3. Visit Cape Cod. The peaceful beauty of the Cape comes to life in the pages of The Summer of Good Intentions. Plan a summer vacation to explore the beaches and the history of one of New England’s most popular vacation destinations.
4. Read Wendy Francis’s first novel, Three Good Things, for your next book club meeting. Filled with love, humor, and the scent of the delectable Danish pastry called kringle, Three Good Things tells the story of two midwestern sisters, each with a secret. You can even bake kringles as a special treat for your group using the recipe on page 233 of the book.
5. Wendy Francis does a wonderful job introducing two important, serious health conditions to readers: multiple sclerosis and hoarding. To learn more about MS, visit the National Multiple Sclerosis Society’s Web site at http://www.nationalmssociety.org/. To learn more about hoarding, visit the Anxiety and Depression Association of America’s Web site at http://www.adaa.org/understanding-anxiety/obsessive-compulsive-disorder-ocd/hoarding-basics.
A Conversation With Wendy Francis
Despite being sisters, Maggie, Jess, and Virgie are very different and very dynamic individuals. Which sister do you relate to the most?
Maggie is probably the sister with whom I identify the most. I’m at that age where my six-year-old son is growing up at rapid speed and I’m wondering what’s next. Who else needs nurturing? My husband likes to joke that I’m always trying to fix things for people, and that’s probably not far from the truth. Though I hope I’m not a meddler, per se, there’s still some of that midwestern girl in me, the one who wants to set things right and make sure everyone is happy. Like Maggie, I also love the beach; summertime; and the slower, languid pace that those things suggest.
Was the setting of the story important to you? Why did you decide on Cape Cod?
As much as I love the Midwest (where my first novel was set), I also love the seaside. Even as a young girl in Wisconsin, I would search out whatever pockets of beach I could find, usually just a slice of sand next to a water-filled quarry. Once I moved east and settled closer to the ocean, I felt as if I’d found my second home. I’m also fortunate in that my in-laws have a house near the Cape, which has become a favorite retreat for all of us during the summer. So the rhythm of the waves, the sound of crickets whirring at night—all those things were familiar to me. What’s more, it seemed a summer house would be the perfect setting for the sisters’ emotions to percolate and collide.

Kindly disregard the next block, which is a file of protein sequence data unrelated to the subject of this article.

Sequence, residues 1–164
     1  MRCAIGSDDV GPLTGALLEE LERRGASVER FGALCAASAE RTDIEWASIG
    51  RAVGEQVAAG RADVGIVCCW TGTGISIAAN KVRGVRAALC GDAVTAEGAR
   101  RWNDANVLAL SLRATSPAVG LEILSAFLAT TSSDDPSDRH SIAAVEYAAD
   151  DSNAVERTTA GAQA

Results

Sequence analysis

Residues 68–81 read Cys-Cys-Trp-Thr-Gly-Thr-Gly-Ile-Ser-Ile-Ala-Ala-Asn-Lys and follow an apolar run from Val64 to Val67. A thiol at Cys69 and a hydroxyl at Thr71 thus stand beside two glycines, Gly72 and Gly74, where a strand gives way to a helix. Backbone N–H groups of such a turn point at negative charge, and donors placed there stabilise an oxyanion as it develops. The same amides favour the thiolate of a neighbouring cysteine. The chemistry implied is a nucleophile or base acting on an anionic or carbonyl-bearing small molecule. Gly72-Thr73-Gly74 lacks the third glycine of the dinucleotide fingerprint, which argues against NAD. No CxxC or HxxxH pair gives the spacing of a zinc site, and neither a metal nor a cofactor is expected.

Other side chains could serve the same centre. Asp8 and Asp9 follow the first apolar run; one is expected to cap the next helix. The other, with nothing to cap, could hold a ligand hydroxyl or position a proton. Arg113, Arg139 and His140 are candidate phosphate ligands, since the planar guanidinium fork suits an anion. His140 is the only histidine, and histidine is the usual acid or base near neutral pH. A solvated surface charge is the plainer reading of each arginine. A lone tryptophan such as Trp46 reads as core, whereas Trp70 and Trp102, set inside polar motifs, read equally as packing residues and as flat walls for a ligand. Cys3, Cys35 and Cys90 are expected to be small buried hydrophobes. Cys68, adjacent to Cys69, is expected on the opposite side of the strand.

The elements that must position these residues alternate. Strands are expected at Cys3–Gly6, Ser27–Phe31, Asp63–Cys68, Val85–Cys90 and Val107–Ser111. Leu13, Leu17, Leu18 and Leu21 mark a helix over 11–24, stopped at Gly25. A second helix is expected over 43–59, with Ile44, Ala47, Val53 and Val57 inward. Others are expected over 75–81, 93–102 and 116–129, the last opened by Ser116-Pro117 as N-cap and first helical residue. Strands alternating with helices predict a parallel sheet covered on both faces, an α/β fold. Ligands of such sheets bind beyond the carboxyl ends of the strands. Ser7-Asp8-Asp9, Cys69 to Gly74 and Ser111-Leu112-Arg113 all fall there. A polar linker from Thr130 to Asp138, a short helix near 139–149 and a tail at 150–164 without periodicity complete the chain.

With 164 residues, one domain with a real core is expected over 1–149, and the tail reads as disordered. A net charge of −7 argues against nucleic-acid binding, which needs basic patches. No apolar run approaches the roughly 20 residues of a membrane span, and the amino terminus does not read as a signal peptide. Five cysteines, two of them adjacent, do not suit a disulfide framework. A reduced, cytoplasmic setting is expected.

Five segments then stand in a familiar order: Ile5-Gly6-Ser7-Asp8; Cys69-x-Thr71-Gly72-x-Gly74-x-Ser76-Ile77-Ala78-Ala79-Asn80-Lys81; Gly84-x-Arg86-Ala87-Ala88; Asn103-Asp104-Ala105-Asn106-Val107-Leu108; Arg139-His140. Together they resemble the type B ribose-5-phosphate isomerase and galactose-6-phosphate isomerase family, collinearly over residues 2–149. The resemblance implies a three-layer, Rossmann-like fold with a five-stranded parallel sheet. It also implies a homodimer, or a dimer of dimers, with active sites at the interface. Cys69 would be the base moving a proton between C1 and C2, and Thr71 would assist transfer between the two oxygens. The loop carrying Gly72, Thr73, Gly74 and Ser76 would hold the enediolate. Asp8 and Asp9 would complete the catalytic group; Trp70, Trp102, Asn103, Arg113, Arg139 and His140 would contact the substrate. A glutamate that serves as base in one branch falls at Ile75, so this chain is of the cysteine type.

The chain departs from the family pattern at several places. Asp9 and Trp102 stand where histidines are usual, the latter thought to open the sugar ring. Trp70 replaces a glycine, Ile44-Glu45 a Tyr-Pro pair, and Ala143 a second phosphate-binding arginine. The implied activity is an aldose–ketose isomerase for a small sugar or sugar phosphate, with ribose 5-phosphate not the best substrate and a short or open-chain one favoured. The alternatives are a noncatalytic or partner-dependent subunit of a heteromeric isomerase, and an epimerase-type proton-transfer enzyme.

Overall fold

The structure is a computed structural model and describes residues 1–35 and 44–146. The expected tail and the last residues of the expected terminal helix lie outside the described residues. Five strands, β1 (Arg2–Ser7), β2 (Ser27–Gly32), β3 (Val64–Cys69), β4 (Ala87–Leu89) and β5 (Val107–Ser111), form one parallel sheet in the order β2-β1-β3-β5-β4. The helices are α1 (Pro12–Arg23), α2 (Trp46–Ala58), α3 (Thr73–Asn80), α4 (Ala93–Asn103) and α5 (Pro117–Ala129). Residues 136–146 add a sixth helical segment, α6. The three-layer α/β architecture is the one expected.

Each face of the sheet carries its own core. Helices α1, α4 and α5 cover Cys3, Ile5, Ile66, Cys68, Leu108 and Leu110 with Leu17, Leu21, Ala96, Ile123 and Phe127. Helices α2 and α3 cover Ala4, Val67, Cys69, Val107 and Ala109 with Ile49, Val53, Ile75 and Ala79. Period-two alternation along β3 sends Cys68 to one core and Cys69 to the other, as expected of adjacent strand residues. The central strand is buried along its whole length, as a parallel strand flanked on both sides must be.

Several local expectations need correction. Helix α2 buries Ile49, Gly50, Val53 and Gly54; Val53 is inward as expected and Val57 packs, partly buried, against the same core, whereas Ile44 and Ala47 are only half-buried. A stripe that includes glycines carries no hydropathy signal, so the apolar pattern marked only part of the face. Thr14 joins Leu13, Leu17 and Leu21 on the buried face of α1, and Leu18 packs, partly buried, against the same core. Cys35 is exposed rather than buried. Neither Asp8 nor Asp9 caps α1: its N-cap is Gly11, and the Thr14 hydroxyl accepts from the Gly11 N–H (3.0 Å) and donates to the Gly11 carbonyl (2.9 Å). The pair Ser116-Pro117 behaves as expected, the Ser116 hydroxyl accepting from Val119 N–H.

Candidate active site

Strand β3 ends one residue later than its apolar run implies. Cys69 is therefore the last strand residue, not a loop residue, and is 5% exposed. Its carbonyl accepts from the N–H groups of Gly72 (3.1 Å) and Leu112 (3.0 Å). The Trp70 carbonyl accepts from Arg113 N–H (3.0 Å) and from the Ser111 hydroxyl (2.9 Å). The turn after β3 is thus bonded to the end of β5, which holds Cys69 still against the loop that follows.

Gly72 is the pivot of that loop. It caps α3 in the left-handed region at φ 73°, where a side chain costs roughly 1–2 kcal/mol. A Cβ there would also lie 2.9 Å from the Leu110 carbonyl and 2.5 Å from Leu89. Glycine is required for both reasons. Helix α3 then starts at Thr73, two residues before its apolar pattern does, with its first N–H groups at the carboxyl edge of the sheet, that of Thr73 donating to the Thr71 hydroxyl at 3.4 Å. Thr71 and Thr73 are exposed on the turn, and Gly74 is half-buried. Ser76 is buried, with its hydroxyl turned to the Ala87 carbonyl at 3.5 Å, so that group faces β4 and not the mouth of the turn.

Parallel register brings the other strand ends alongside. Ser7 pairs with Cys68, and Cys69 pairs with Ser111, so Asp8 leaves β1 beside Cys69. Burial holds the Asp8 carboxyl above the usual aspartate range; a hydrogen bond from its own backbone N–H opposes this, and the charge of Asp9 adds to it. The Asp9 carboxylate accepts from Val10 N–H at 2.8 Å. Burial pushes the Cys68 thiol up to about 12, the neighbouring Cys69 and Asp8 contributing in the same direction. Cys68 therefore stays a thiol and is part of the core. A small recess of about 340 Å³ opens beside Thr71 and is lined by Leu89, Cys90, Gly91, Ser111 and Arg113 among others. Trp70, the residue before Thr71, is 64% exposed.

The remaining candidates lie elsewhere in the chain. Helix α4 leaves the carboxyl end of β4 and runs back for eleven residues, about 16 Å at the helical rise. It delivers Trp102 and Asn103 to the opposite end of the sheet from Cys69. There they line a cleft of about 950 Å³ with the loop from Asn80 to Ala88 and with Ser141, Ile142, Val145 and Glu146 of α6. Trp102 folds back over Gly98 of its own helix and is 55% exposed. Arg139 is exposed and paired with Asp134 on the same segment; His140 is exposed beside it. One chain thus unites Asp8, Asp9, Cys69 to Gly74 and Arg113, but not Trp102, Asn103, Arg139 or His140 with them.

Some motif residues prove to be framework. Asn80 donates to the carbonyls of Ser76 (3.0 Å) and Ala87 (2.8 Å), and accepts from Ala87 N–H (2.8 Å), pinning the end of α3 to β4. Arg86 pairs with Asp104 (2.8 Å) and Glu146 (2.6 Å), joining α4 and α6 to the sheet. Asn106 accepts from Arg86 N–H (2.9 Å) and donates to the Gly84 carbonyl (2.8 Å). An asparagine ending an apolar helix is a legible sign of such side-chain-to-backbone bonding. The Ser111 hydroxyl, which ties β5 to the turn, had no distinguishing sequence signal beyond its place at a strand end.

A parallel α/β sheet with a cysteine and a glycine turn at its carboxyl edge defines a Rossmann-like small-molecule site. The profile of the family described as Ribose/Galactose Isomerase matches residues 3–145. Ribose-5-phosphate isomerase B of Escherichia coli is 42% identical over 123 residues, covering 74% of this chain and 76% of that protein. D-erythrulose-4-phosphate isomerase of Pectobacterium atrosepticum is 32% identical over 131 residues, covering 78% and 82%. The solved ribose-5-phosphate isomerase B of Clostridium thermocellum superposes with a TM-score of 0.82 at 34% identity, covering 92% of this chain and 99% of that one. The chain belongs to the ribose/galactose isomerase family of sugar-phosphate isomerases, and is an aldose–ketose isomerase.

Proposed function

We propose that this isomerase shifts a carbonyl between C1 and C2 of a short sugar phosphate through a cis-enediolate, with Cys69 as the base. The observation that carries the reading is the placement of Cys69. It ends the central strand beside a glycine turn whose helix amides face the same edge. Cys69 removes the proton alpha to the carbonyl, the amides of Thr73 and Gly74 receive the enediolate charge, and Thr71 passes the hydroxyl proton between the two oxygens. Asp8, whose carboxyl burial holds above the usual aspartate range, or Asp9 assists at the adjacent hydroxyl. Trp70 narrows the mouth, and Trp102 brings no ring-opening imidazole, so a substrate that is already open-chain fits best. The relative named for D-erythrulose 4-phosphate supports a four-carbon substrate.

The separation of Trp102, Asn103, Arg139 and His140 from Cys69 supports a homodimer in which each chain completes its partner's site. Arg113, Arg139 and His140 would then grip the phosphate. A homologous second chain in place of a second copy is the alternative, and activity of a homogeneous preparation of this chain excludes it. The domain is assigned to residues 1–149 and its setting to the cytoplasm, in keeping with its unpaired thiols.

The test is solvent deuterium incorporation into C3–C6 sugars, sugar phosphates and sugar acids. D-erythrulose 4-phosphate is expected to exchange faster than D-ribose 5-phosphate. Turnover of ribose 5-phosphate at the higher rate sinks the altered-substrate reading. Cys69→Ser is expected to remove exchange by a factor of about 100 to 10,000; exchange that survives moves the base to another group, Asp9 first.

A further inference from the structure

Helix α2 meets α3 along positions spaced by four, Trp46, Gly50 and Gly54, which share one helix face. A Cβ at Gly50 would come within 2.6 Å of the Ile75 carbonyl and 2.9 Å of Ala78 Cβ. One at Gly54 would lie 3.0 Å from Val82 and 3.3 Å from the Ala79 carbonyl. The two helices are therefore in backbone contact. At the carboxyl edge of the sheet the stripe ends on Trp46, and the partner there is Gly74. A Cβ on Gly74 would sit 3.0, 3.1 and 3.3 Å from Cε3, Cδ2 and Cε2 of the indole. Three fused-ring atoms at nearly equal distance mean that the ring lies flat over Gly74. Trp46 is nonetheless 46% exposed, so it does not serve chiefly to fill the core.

Each chapter is told from the point of view of a different member of the Herington family, except Gloria. Why didn’t you write from Gloria’s perspective?
It never really occurred to me to write from Gloria’s perspective. She was always a bit of an outsider in the family, and I thought it should remain that way. Besides, Gloria is such an opinionated, zany character, I’m not sure I could have handled going into her head!
Did you plan how you were going to develop each character’s journey, or did their stories evolve as you wrote the book?
For better or worse, I’m one of those writers who let the characters guide the story. I’ve never been able to map out a novel’s plotline in its entirety (though I wish I could!). All the sisters, I knew, would be dealing with some kind of conundrum, and once I determined that Arthur had a hoarding problem, all the other elements began to fall into place.
The Summer of Good Intentions emphasizes the strong bonds between sisters. Do you have sisters who helped inspire this story?
No, but my mom was my best friend, and in many ways, like a big sister to me. I’m a big believer in the support system that women can provide for one another, whether as sisters, mothers and daughters, grandmothers and granddaughters, aunts and nieces, or good friends.
How was writing this book different from writing your first novel, Three Good Things?